A few decades ago, I had a voice student who had a Ph.D. in electrical engineering and worked at RCA Labs (back when that company existed) on the high resolution camera that now allows us to see the stitching on a baseball thrown at some huge mph. A most rational man, he had developed a logical plan for creative thought. Before he went to bed, he thought about the problem he was facing at work. The next morning, while shaving, he consciously opened his mind to any wild thought that passed through it. That was often - not always - the solution to his problem.
My morning routine isn't intended to solve problems in my writing - I often get those answers right after I've quit writing for the day - it's just a routine required by old age. The thyroid pill 1/2 hour before breakfast; hot compresses and drops for my aging eyes; a few sips of last night's cold coffee to just get me going. But during that half hour, I often get wild ideas. And I know if I don't do something about them immediately, I'll later dismiss them as stupid.
I had one of those ideas Sunday morning. Last month I had contacted Sarah to ask if I could use her name and age to illustrate a point in an application I was writing. She did give me permission, but said she now had Parkinson's and had just been diagnosed with Alzheimer's. Then early this month I met Christina Soriano, who teaches a dance class for those with Parkinson's and wants to add Alzheimer's patients. Loved her approach because she's able to counteract the smallness in steps, personhood, and voice that is so often a Parkinson's patient's response to the loss of balance. I emailed Sarah about this, wondering if there might not be such a program near her in Philadelphia.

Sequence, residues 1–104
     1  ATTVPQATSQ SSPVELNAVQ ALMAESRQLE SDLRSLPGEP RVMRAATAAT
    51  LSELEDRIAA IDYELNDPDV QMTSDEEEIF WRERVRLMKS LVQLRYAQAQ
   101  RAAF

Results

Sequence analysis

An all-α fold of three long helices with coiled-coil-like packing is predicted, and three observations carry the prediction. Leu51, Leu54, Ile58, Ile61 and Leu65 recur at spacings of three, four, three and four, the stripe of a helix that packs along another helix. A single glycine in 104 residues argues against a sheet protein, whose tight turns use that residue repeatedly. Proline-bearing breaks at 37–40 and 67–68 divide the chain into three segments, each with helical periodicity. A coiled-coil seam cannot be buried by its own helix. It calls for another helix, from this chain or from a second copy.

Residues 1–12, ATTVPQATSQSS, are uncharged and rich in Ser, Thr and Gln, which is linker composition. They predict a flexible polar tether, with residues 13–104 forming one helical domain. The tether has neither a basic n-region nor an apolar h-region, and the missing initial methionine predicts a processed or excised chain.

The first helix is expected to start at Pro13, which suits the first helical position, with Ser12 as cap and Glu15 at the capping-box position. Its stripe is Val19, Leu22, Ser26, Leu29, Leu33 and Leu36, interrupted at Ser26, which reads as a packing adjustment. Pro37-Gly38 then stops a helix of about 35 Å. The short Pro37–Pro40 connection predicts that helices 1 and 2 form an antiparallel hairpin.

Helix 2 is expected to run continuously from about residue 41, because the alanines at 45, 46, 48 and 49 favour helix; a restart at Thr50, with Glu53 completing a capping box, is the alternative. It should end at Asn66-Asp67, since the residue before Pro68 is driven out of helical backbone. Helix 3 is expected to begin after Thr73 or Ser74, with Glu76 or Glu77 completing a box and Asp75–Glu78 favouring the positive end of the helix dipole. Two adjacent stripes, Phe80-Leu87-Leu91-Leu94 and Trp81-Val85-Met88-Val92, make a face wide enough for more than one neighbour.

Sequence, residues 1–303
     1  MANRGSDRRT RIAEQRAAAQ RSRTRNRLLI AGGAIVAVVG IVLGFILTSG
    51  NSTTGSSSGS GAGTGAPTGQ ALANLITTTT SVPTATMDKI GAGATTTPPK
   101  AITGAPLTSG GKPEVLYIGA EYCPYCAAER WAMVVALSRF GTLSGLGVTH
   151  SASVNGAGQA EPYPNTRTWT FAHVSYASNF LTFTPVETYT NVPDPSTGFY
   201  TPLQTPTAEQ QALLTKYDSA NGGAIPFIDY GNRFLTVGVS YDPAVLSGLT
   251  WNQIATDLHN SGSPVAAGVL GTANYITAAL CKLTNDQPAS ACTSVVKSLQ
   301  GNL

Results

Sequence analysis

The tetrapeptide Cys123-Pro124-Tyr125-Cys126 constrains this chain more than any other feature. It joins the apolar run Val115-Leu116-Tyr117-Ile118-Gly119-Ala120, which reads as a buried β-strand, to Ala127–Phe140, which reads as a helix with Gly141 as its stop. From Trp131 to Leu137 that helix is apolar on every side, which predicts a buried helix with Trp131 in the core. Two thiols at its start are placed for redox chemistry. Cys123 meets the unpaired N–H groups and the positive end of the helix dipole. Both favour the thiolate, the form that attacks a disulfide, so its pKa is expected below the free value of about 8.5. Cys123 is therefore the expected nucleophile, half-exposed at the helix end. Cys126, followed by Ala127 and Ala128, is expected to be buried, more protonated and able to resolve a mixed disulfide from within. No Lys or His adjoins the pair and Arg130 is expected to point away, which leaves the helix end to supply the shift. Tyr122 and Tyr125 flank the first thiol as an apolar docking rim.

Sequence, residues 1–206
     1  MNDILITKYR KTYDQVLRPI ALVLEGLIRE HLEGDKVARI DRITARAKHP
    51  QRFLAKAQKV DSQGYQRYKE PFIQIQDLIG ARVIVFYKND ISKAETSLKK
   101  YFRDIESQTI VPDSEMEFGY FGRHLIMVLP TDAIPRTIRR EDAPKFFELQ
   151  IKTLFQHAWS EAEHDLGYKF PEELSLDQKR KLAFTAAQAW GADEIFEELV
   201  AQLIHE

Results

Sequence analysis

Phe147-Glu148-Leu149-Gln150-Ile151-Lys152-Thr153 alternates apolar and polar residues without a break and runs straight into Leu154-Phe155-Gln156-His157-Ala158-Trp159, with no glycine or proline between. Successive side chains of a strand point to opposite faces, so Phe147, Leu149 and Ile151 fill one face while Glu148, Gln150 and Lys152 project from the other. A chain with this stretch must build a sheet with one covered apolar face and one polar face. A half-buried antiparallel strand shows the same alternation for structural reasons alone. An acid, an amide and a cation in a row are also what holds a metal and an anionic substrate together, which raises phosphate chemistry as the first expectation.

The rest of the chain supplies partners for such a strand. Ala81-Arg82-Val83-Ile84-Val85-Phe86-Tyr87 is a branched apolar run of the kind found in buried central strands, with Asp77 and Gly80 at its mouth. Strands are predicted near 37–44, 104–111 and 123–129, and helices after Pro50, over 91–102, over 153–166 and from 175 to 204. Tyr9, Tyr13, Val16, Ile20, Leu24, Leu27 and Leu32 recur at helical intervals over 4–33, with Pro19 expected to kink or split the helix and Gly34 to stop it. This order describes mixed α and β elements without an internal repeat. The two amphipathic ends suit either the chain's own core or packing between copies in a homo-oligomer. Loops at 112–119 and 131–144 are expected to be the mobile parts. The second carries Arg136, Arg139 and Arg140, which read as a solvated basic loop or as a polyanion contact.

Sarah replied that she could no longer drive. Of course, stupid me. I replied that I'd ask Christina's advice soon, but knew she was going through a particularly busy time right now. Then Sunday morning, with the hot compresses, I remembered that Kristina (I know, confusing, but this other friend's name is with a K), a friend who lives near Sarah, is a massage therapist who used to benefit from lots of different dance therapies. Then I remembered that I'd heard or read the day before that this particular Parkinson's dance program had originated at the Mark Morris studios. And I knew, from research for my dance book years ago, that he often took non-dancers into his troupe. Then I remembered that Christina (with a C) had said she had studied or interned at Mark Morris.
Bingo! I emailed Kristina (with a K), subject "A Wild Idea", with the above information, thinking she was close enough to NY to look into possible training at Mark Morris. The idea seemed so preposterous that I didn't look up the proper website for her, as I would ordinarily do.
Ten minutes later Kristina (with a K) emailed back with the info that there was such a dance program for Parkinson's at a hospital not 5 miles away and she and Sarah would be checking it out.
What amazes me is the process. A bit of research from 30 years ago, something I heard on NPR or read the day before, a memory of Kristina's (with a K) enthusiasm for dance therapy, all of this zip-zapped around the brain and collected into an idea that turned out not to be so wild after all.